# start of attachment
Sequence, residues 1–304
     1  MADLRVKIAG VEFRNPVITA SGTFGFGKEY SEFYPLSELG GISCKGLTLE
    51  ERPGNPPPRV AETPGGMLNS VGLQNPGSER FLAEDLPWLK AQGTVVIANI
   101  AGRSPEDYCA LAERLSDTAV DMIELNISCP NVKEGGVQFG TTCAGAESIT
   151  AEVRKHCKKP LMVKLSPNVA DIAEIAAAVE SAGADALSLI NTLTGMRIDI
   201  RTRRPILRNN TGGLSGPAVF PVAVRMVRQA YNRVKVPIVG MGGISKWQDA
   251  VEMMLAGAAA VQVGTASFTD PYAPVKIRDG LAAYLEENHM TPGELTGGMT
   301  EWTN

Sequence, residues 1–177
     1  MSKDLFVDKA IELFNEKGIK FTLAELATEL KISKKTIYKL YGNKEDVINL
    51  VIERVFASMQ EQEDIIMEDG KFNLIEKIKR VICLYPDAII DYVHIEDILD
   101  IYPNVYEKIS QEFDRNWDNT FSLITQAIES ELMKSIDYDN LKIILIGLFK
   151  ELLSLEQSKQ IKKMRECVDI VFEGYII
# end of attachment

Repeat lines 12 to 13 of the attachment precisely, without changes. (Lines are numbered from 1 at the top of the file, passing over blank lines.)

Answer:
   101  IYPNVYEKIS QEFDRNWDNT FSLITQAIES ELMKSIDYDN LKIILIGLFK
   151  ELLSLEQSKQ IKKMRECVDI VFEGYII